A few speakers did advocate for the planned village, saying this will be a structured community, not the same thing as a homeless camp. There will be no tents, just real tiny homes with heating and air conditioning. They said if this is not built, these people will have no choice but to continue living on the streets. It was also mentioned that details about the village can’t be expected at this point; those will be established during a future part of the process.

Another mentioned that the proposed zoning legislation is regarding temporary and emergency housing in any part of the city, not specifically this location. 

One speaker mentioned that she wants to see more people who say, YIMBY (Yes In My Backyard) rather than NIMBY (Not In My Backyard) when it comes to helping the homeless. She acknowledged that this kind of change can be scary, but that we are failing as a society and need a variety of creative housing solutions.

Zoning Code Amendments Discussion

Senior Planner Alex Hunt gave a presentation to the Commission on the recommended zoning changes. He explained that Burien’s current zoning code is not in compliance with state requirements, which say that a city shall not prohibit transitional housing or permanent supportive housing in any zones in which resident dwelling units or hotels are allowed,” a state law that covers this location. 

In addition, every city in the county has emergency housing targets assigned to it; Burien needs to plan for 1,433 emergency housing units by 2044. This includes tiny homes as well as shelter beds. Hunt explained that this does not require the city to build these housing units, but just to plan and demonstrate a capacity for them.

The proposed amendments will make Burien’s code consistent with state requirements; in addition:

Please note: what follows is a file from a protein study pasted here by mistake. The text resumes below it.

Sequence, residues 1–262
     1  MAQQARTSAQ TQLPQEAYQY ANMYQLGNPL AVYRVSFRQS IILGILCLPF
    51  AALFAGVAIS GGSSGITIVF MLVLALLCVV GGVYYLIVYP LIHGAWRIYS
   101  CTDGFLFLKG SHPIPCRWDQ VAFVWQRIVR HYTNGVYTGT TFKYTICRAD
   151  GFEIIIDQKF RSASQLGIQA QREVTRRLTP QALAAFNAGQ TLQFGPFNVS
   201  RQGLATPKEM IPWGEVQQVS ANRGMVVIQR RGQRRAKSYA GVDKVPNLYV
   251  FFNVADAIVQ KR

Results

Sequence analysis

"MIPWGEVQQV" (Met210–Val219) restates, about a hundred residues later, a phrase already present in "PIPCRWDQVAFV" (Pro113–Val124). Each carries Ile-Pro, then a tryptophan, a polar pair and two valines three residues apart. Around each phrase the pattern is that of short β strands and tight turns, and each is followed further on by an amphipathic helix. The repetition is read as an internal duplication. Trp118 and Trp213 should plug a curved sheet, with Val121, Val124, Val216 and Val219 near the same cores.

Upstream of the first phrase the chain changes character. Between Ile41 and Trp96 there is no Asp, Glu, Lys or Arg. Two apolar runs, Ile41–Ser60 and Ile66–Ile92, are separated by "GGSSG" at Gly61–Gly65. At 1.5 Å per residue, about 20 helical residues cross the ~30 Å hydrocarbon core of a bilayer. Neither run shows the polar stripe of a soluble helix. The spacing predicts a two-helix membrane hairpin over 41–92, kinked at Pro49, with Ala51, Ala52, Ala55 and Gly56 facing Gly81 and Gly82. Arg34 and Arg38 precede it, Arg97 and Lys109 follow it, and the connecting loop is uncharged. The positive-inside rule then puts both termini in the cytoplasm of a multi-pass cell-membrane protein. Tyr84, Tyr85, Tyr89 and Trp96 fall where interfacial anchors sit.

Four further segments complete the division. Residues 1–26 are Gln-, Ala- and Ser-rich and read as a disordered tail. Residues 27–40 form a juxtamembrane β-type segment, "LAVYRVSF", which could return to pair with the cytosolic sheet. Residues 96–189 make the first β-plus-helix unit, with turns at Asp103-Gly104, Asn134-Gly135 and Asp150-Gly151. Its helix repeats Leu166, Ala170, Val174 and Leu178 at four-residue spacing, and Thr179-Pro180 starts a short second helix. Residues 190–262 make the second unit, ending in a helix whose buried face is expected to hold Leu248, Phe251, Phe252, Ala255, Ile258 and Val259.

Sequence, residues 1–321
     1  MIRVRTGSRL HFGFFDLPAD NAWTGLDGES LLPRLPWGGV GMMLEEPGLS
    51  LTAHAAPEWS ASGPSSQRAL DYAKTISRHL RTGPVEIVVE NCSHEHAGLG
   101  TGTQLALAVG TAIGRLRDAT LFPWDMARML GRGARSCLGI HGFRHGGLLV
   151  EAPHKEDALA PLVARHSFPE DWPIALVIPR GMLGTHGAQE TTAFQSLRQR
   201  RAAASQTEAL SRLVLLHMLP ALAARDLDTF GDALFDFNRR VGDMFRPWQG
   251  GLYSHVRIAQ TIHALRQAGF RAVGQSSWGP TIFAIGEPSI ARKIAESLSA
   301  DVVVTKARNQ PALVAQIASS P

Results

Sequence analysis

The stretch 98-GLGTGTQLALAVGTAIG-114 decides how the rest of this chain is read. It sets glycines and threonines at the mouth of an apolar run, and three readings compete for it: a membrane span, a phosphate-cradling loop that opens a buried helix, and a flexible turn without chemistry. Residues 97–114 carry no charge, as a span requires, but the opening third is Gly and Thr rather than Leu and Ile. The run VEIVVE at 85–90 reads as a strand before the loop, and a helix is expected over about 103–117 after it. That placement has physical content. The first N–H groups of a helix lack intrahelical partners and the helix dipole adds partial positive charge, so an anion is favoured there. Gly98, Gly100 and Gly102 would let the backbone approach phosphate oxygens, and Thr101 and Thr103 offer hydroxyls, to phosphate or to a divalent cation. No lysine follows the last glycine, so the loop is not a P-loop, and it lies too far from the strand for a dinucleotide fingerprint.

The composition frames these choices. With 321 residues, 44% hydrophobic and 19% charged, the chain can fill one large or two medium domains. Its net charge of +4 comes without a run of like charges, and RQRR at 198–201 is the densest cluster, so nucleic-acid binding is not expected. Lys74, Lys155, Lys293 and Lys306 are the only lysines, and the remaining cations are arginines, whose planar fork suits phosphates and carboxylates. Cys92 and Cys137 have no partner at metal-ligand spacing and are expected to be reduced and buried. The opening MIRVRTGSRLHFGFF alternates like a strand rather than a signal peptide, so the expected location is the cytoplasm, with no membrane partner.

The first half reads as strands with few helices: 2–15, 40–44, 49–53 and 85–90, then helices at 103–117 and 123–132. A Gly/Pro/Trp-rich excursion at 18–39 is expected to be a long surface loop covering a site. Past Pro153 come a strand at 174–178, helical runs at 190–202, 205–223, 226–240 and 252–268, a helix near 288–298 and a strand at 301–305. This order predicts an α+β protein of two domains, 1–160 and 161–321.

• Structures must meet building & fire codes
  • Max residential capacity of 60 people 
  • Minimum 2-acre site size
  • Site owned or leased by a public agency or non-profit
  • 10’ setbacks, 35’ max building height
  • Not in ecologically critical areas or buffer zones

It was also explained that on-site sanitation facilities at the tiny home village, while not yet spelled out in detail, would have to meet requirements for utility hookups. 

The Planning Commission was only discussing the draft at this special meeting. They will hold a Public Hearing on this proposal at a special Feb. 28, 2024 meeting, then send the finalized version along to the Burien City Council who will ultimately make the decision.

Not Complying Could Open City to Lawsuits

Not complying with state law could open the city up to lawsuits, and could also result in the loss of several important revenue streams from the state.


Watch full video of the meeting here.

Mellow DeTray is a Seattle native who has spent the last 16 years raising her family in Burien. She has volunteered at many local establishments over the years, including the Burien Library, Burien Actors...